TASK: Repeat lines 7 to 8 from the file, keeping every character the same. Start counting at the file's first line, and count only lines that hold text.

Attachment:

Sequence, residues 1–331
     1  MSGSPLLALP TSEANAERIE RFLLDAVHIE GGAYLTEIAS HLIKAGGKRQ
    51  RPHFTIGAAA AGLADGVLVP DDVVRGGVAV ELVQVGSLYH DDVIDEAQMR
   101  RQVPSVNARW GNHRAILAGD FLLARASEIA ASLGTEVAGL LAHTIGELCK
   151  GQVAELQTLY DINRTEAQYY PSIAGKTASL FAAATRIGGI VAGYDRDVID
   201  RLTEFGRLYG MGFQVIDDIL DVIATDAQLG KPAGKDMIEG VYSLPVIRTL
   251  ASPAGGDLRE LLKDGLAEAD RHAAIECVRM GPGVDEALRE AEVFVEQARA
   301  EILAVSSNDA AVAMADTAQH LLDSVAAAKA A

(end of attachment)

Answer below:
   251  ASPAGGDLRE LLKDGLAEAD RHAAIECVRM GPGVDEALRE AEVFVEQARA
   301  EILAVSSNDA AVAMADTAQH LLDSVAAAKA A